After months of denying that it was even considering plans to withdraw some troops, the Bush Administration last week shed first light on a possible timetable for trimming America's presence in Iraq. Pushed by newly assertive politicians at home as well as an eyebrow-raising statement from Iraq's leaders, and with a view toward congressional elections next fall, senior Bush officials began openly debating just how fast a withdrawal might proceed.
U.S. Secretary of State Condoleezza Rice, who tends to carefully calibrate every public utterance, dispensed with Foggy Bottom's typically foggy nostrums. "I do not think that American forces need to be [in Iraq] in the numbers that they are now for very much longer," she told Fox News. Although Pentagon officials bristled at Rice's venturing into military policy, they too have started discussing in public just how steep the drawdown should be from the 160,000 U.S. troops now in Iraq.
The Administration's willingness to discuss removing forces from Iraq, where more than 2,100 Americans have died, followed a sharply worded statement from Iraqi leaders at an Arab League meeting in Cairo last week. The gathering of Sunnis, Shi'ites and Kurds not only demanded a timetable for the withdrawal of foreign troops but also gave implicit support to the insurgency by calling resistance "a legitimate right," so long as it doesn't involve "terrorism and acts of violence" against civilians, institutions and houses of worship.
U.S. military commanders, who have long argued that troop reductions must depend on conditions on the ground, warn against any abrupt cutbacks. "A precipitous pullout would be destabilizing," says Army Lieut. General John Vines, the top ground commander in Iraq. And the Pentagon expects a spike in violence in the run-up to the Dec. 15 election for a new parliament. But the debate over a withdrawal, spurred in part by Democratic Representative John Murtha's call two weeks ago for an accelerated departure, is now out in the open. Here are some of the key questions going forward:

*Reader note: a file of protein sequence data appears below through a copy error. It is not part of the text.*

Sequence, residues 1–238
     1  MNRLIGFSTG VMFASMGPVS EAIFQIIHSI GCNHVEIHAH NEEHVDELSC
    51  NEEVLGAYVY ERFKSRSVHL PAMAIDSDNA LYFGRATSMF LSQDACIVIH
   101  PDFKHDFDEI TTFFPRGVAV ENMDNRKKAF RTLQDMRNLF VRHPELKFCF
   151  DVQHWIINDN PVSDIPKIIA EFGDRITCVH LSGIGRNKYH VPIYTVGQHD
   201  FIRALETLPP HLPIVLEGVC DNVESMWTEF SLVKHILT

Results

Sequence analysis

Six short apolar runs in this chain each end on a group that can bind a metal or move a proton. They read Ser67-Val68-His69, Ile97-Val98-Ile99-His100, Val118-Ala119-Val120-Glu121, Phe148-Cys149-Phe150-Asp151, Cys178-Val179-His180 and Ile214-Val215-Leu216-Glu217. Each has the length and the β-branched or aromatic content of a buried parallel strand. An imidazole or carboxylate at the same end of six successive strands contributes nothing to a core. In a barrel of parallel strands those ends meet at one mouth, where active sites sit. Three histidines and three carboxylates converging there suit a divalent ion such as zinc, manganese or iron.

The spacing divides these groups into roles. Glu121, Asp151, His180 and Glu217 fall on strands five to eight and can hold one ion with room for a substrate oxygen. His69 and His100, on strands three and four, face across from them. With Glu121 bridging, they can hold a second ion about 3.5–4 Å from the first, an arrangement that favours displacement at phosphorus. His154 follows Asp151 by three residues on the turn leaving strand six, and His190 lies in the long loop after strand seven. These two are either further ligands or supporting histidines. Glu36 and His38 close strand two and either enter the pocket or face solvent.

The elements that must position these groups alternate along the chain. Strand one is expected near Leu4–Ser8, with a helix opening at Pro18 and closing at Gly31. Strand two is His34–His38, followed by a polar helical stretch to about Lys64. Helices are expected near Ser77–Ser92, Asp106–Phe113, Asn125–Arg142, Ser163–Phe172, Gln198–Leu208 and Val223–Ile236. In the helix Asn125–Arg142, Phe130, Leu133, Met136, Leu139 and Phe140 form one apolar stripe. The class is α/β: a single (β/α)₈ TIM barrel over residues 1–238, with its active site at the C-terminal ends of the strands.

How serious is the troop-reduction plan?
There isn't one plan, but several, each containing various options for Army General George Casey, the top U.S. military officer in Iraq. Pentagon officials acknowledged last week that the number of U.S. troops could be cut to 100,000 by the end of 2006. But Casey will face two "decision points" next year--one in March, when he can fully assess the effects of the Dec. 15 election, the other in June, when major U.S. units have to be told if they will deploy.
At this stage, almost no one is talking about a rapid, large-scale troop drawdown. Inside the Pentagon, officers privately caution that troop levels could even rise if Iraqi security forces don't shape up as expected, if the insurgency grows more fierce or--of greatest concern--if civil strife evolves into full-fledged civil war. In fact, a senior Pentagon official tells TIME that Secretary of Defense Donald Rumsfeld asked his planners last week to make sure they have a contingency option if things go very badly in Iraq next year.